However, most plastic gradually breaks down over time into tiny pieces, some of which are small enough to pass through the gut of animals and into their blood vessels and body tissues.
Microplastic has spread all over the planet, with one estimate suggesting there are 300 billion pieces in the Arctic Ocean alone.
A major study found humans have produced a staggering 8.3 billion metric tons of plastic since 1950, creating 6.3 billion tons of waste. Nearly 80 per cent of that waste has been dumped in landfill sites or simply thrown away into the environment.
To read more on this incredibly well written article: click here.
Other articles were keeping up with the news such as online journal: Resource; Sharing knowledge to promote waste as a resource.In their article they describe Microbeads as the following:
“Microbeads are tiny pieces of plastic that are used as exfoliants in cosmetics and personal care products, such as toothpaste and face wash. These pieces of plastic, less than five millimetres wide, are so small that they can pass through water filtration systems and enter the the marine environment, where they are often confused as food and ingested by marine wildlife.
While the exact effects of these microbeads on marine wildlife, and on the health of humans that later eat them, are still being explored, ocean-dwelling creatures are still exposed to an incredible amount of microplastics every year – with estimates saying there are already more than 150 million tonnes of plastics in the ocean today, with 35,000 tonnes of microplastics entering the oceans every year.”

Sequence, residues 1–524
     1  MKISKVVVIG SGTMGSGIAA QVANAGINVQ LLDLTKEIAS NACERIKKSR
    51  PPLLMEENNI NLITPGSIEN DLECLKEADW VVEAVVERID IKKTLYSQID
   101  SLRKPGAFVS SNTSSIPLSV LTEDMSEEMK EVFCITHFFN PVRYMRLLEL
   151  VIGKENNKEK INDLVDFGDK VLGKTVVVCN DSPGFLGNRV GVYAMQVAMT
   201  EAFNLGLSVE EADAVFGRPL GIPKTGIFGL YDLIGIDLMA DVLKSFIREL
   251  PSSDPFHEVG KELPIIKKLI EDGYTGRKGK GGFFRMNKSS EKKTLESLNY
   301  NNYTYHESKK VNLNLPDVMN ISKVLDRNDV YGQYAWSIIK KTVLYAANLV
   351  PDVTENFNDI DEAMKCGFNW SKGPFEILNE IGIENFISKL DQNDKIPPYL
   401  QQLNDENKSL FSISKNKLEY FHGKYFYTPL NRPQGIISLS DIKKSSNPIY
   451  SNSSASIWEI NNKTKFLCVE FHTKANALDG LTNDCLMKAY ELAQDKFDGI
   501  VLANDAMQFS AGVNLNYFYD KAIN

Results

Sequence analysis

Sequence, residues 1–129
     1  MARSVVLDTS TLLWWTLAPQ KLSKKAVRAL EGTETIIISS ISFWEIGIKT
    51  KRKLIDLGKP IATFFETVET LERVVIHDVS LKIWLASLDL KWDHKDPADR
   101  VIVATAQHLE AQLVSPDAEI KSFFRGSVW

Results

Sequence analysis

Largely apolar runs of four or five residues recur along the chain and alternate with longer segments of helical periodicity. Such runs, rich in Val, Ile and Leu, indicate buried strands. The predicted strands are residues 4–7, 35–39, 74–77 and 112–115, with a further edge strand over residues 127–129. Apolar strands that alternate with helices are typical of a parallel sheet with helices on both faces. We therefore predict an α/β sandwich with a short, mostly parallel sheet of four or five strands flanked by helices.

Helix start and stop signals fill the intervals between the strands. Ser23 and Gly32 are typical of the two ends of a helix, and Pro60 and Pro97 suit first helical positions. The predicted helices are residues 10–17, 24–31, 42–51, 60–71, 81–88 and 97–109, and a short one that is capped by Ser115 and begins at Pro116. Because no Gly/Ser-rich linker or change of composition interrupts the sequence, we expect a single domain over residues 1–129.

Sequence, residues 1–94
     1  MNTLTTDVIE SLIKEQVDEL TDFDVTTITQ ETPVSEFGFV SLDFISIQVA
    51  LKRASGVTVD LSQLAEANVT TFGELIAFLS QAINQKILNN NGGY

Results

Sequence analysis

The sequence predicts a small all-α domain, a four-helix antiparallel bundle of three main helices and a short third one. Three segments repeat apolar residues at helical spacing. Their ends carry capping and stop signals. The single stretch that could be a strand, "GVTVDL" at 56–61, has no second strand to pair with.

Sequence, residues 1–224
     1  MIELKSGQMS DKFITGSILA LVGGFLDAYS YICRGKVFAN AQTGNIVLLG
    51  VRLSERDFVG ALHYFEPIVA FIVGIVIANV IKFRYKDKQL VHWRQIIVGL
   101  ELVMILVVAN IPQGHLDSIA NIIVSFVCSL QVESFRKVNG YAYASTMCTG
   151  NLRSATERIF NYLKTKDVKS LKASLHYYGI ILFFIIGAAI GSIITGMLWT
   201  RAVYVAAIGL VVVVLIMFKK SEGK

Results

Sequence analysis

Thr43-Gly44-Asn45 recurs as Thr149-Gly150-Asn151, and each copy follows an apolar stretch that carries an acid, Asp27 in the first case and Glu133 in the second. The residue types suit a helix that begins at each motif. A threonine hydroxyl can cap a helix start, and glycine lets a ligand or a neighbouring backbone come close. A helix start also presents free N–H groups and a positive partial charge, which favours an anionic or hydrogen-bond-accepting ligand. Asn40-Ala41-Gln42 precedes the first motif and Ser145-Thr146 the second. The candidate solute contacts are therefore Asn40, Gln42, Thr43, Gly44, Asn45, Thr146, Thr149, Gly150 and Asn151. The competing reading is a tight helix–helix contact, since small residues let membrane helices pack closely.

The way things, end are always interesting…
“Actions speak louder than words – Lucas”
is how they titled their last section, and describe that Gove’s newfound concern for the environment is “laudable”, but it hasn’t convinced everyone. Caroline Lucas, a Green Party co-leader, “expressed her deep reservations about Gove’s sentiments, saying: “Gove’s overture to the environment might make him sound like a keen defender of nature but his government’s actions suggest that protecting our natural world is a long way from the top of their priority list.
“There is an environment-shaped hole in the government’s Brexit plans. They failed to announce any kind of environmental protection bill in the Queen’s speech, and we still don’t know how they will transfer enforcement powers from EU institutions to the UK.”
For more information on the proposed ban on microbeads, read the Defra summary of responses document in full. ”
Some other articles that mentioned this ban up to date are the following. Click images to see full articles.
In the New York Times, which was written four days ago, they discuss the ban being implemented, as well as how there are some companies that have chosen to pledge to voluntarily phase out use of the pellets.
Why were microbeads put in our products to begin with?
Well its actually quite simple, many manufacturers including Johnson & Johnson and Procter & Gamble advertised the exfoliating powers of microbeads, particularly in face and body scrubs.
What is the real issue with Microbeads?
According the Journal Science, a report made in 2015, showed that about eight million tons of plastic enter the world’s oceans each year. The microbeads represent a percentage of those plastics, which has become an increasingly growing concern and their presence in oceans, lakes, rivers, and land.
When microbeads are washed down a drain, it cannot be filtered out by wastewater treatment plants, meaning these tiny plastic beads slip through our filters and get themselves into waterways. Creatures like Fish and other marine animals often ingest them, introducing potentially toxic substances into the food chain, without control or knowledge. When we eat these marine species, we have now introduced these microplastics into our own food.
“A single shower can flush as many as 100,000 microbeads, according to a 2016 report by the Environmental Audit Committee of the House of Commons in Britain.”